In a house called Manjadithara in Puthupally, somewhere in the district of Alappuzha, Soni Somarajan was born 47 years ago, held in the arms of a dazed mother and missed by the airman father who sought his photo. Soni was in the Air Force academy of Hyderabad in his kindergarten years, sometimes holding a younger sister’s hands, other times falling into the dust or chasing dragonflies. He was six when he looked at his working father and wondered if he had thoughts of the son.
Soni has sprinkled these thoughts across 64 poems that became a memoir of his life in the first collection he has published – First Contact.
“It is a memoir in verse—a collection of reminiscences of my life, places I’ve lived in, and also certain experiences that stood out in my memory. Connecting them was key to evolving a sound structure for the collection. It would dawn only later. The poems were not written in a linear way, along the years. The poems were later arranged according to the order of the events they described. Once I realised that the poems could be arranged in a timeline, it dawned on me that this was going to be a memoir. The structure I was looking for had arrived from nowhere, like so many things about this book. In fact, the poems pertaining to my school years were the ones written last,” writes Soni in an interview about the book.
His poems have been published as part of anthologies before, and among the writers’ circle of Thiruvananthapuram, Soni’s is a familiar face. He is present for most literary events, using a wheelchair.
He was diagnosed with Limb-Girdle Muscular Dystrophy, a degenerative neuromuscular disorder, the year after he finished school – at the Sainik School in Thiruvananthapuram. That was also the year he began writing poems. “For a while, I felt it was the end of the road. My dreams were limited to the armed forces but realising that it would never materialise was a shock, something I realised over time. In those days of worthlessness, my father once took me to a beach nearby at Azheekal, Karunagappally, that I had never been to before. When we returned home, the response to all that had transpired emerged as poetry. It seemed the easiest thing to do than prose itself,” Soni says.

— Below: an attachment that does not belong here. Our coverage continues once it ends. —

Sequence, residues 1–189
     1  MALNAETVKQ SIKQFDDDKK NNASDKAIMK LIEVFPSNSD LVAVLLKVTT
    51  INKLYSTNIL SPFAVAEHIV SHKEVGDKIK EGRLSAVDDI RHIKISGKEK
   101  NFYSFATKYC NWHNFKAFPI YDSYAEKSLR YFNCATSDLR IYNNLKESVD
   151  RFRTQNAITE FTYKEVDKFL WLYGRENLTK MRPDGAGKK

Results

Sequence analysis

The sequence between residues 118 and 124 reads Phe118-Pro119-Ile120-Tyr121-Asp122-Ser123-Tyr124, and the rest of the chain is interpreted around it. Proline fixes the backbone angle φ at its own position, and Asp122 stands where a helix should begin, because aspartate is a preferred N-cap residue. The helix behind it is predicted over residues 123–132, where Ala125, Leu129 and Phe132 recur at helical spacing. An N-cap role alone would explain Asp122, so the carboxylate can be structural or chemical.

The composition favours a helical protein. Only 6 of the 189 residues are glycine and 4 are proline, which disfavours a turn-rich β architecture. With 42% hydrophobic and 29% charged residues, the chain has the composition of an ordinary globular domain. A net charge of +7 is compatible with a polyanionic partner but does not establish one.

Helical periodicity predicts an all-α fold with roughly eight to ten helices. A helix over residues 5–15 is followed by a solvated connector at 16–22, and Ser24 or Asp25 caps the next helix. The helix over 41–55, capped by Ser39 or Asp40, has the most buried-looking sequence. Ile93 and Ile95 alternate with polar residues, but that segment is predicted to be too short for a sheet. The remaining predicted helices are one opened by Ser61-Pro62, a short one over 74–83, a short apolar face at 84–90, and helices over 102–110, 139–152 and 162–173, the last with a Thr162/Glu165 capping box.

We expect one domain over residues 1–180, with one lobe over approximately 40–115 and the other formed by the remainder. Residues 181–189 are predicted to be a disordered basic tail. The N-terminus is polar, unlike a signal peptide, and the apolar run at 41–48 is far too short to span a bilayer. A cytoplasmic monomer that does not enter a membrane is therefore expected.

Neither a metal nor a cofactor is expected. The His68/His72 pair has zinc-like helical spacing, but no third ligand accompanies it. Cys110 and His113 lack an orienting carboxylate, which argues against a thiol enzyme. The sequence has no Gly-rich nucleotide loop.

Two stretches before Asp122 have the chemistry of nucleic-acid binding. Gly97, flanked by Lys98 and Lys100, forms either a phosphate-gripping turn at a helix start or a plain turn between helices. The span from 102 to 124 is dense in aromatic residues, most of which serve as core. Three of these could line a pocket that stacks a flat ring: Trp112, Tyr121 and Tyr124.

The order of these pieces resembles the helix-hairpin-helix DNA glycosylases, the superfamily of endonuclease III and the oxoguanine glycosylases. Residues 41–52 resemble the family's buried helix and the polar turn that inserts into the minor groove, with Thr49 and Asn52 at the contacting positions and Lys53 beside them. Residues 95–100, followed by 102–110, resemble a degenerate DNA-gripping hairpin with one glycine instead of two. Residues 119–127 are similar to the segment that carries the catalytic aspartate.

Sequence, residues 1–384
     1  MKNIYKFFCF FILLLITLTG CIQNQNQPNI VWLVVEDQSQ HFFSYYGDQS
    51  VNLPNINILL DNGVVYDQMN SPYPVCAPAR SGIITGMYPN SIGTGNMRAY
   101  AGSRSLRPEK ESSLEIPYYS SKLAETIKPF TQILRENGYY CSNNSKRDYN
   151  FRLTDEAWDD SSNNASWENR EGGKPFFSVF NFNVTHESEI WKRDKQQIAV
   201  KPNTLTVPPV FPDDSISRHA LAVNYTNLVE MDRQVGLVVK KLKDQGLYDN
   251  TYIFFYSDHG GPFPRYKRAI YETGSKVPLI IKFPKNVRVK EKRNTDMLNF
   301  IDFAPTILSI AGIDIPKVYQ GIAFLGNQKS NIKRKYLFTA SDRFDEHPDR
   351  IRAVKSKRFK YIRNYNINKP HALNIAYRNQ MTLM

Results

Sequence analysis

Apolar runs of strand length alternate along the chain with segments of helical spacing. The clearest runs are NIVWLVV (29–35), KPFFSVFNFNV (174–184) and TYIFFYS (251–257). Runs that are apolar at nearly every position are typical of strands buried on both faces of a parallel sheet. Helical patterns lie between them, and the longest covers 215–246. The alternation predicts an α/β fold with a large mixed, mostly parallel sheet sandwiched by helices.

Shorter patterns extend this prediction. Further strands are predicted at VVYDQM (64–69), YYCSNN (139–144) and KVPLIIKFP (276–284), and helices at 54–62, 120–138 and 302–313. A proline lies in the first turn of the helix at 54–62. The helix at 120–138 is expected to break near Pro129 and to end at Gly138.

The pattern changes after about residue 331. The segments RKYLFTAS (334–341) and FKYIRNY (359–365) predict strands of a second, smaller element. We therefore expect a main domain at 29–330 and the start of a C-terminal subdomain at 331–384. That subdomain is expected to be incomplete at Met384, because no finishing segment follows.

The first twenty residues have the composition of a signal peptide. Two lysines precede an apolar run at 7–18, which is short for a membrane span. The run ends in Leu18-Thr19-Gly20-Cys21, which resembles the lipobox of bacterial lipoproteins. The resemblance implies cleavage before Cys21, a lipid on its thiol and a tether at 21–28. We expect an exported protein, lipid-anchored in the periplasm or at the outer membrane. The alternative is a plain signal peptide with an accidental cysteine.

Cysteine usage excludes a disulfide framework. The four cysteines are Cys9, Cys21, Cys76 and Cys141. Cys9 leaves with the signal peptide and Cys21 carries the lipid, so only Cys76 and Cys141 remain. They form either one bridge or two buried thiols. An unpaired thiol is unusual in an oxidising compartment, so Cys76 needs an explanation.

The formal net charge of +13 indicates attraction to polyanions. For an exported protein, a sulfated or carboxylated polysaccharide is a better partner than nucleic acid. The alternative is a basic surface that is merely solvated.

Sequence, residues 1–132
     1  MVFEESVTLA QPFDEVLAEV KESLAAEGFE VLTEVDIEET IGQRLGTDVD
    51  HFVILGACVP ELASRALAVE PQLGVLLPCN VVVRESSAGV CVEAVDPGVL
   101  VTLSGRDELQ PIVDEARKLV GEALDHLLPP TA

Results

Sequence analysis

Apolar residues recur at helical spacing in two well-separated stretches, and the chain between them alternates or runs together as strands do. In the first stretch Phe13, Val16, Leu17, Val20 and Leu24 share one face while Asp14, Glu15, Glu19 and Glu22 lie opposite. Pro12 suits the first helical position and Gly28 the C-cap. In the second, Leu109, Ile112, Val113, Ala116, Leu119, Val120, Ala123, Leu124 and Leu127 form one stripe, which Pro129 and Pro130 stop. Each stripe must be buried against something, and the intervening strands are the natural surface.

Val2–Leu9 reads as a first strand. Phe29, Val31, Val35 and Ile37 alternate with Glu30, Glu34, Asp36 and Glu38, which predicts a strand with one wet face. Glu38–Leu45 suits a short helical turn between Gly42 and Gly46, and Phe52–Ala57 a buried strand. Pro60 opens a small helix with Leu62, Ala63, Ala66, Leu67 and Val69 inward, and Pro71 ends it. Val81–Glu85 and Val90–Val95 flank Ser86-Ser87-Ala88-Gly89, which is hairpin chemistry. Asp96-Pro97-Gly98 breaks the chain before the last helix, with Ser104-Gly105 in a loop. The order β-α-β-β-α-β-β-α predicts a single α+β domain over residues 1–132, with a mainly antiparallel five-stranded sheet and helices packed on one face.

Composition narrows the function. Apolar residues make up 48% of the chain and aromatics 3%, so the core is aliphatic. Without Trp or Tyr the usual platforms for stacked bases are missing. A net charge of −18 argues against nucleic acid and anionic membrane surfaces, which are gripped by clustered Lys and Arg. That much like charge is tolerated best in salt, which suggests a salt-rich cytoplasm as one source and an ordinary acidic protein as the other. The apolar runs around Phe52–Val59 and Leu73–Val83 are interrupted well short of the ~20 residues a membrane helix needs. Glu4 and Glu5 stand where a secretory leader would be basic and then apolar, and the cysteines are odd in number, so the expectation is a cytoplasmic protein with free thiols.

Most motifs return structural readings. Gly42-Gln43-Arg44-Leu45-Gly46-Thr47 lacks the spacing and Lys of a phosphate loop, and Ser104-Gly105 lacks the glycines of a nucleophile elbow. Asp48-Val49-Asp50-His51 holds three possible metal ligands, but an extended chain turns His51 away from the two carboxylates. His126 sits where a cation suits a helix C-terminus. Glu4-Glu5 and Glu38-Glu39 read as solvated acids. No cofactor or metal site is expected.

The pain is in the last lines of poems, not explicit, not calling attention to itself. Quiet like Soni, who moves around with his smile through the palace grounds of Kanakakunnu for every literary festival.
No acid build, just the kick of fleeting feet. I almost fly. Wait. I can’t catch up — whispers my wheelchair.
That’s at the end of ‘Dream Selfie’, his poem about a dream, written at Ambalamukku, Thiruvananthapuram. Every poem comes with a place and date, like newspaper reports. Soni’s memory is photographic, he remembers the colours and tastes and most surprisingly, the feelings he felt as a young boy.
Filled to its seams, the room holds its breath, unable to mourn the one who built it, the periods of hush broken often by a sudden wail, sometimes a staccato.
This comes in the middle of ‘The Day Communism Died’, a poem about his grandfather’s death in 1979. Soni was six.